This doesn’t mean all of the islands though. There are probably around 100 islands total off the coast of Thailand, but for travelers and tourists you hear the same ones being talked about: Koh Phi Phi, Koh Samui, Koh Pah Ngan and Koh Tao. While those beaches are as beautiful as you’d imagine, they lack in authenticity. I went to Koh Tao which is supposed to be the least touristy tourist island, but all of it was still geared towards tourists. It was also expensive, and the locals weren’t as nice as other places in Thailand. But it was incredibly gorgeous and I did spend a week there. Would I go back? With the right people, yes.

I feel very lucky that I found Asalanta and got to live on Koh Lanta for two weeks. From what I’ve seen and heard, it really is one of the more authentic islands that isn’t full of tourist traps. The locals are very friendly, and its beaches aren’t lined with fancy resorts. Yes, they exist, but they’re not always in your face.

If you want to island hop in Thailand, I would suggest taking the time to research and explore the more remote ones that aren’t filled with tourists. The ones that still have some soul to them. It really depends on what you’re looking for though.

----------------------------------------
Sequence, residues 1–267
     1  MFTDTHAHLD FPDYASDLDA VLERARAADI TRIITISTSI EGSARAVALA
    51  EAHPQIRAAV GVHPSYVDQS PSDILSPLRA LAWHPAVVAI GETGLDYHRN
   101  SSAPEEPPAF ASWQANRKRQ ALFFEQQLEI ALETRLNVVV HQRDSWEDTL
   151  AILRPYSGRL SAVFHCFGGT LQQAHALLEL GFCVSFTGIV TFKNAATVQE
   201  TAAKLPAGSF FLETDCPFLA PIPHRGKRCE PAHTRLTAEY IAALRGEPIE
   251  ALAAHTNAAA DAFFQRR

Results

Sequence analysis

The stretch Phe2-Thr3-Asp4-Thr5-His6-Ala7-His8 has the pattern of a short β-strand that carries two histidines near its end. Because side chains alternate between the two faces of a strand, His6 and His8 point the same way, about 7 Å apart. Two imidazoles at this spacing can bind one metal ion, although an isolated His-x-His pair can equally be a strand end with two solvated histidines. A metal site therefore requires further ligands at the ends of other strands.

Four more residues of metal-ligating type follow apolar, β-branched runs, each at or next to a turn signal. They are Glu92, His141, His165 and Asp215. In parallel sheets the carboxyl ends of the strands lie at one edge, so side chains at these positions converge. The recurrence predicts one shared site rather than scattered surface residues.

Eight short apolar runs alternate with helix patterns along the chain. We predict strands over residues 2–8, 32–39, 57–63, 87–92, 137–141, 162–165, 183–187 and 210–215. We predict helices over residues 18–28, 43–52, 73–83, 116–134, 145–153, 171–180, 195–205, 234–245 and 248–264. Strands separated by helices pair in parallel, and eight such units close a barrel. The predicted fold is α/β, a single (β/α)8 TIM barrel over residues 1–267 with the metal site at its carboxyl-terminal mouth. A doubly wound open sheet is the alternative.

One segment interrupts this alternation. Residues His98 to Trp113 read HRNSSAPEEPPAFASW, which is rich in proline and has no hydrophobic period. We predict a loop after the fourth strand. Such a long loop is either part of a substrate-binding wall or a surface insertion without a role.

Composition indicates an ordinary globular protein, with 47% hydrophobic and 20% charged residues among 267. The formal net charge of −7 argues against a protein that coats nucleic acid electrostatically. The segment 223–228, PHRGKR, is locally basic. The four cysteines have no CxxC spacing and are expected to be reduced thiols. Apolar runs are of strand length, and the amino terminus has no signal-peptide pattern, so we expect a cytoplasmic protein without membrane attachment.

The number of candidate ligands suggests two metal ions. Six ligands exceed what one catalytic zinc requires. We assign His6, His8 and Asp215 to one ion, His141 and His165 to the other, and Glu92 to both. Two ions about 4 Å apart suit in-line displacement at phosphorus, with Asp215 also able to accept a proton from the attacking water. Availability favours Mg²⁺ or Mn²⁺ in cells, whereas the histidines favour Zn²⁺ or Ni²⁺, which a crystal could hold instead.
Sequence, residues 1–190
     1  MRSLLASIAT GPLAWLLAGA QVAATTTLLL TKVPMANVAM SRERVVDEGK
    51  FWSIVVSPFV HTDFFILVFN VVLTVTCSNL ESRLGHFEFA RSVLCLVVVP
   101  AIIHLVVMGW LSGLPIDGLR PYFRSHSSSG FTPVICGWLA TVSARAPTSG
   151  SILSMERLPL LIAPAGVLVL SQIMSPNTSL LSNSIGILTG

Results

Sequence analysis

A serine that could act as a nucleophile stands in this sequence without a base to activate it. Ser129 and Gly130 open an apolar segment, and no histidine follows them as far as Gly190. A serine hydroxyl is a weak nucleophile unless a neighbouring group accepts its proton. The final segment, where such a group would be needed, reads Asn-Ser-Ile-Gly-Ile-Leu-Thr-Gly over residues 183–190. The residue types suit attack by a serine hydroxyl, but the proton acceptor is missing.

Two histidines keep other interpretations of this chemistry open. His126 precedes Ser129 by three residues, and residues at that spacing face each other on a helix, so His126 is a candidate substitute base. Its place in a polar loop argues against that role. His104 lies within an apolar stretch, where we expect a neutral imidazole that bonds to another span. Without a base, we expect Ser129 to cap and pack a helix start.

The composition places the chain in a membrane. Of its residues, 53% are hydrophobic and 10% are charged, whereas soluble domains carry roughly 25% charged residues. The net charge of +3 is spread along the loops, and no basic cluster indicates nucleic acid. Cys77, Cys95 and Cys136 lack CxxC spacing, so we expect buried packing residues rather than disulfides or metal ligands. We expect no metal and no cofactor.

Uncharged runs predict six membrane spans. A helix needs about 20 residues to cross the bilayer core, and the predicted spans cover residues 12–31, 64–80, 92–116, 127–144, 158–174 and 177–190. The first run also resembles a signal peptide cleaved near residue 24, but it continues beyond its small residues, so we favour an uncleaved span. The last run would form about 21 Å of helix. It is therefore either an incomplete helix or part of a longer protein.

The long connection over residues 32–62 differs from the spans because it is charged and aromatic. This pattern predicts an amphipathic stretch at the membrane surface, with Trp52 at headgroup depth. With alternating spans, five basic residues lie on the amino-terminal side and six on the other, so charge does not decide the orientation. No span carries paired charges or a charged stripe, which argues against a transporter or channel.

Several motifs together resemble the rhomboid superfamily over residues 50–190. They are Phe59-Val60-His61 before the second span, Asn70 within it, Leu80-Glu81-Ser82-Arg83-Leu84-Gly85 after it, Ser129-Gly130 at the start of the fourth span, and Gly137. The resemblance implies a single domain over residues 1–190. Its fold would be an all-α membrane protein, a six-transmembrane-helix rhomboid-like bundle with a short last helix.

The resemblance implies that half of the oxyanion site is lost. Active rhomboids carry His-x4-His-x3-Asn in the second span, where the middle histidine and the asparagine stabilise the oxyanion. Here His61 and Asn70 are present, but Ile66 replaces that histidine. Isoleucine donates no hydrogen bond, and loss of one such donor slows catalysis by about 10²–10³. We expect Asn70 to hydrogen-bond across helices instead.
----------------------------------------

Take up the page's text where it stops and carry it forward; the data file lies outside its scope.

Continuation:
And this brings me to my next point. Every traveler I meet is looking for something cultural, they’re looking for an authentic experience. Despite Thailand’s recent boom in tourism, that experience still exists, but you’re not going to find it through a Google search. I honestly would recommend doing a HelpX experience and living with locals for a couple weeks. When I was at the school, that was the only time I felt like I was experiencing the real Thailand. I got to know local Thai people, and experience the culture. It also helps pay for food and accommodations, so it’s great for travelers on a budget.

My time in Thailand has been pretty incredible, and I can’t believe it’s over. But I still have about two more months of traveling (or maybe more if I get my tax return?!), so the adventure continues. 

Next stop: Bali.

Also, if you have any questions about traveling in Thailand ask me in the comments, and I can add answers in this post. <3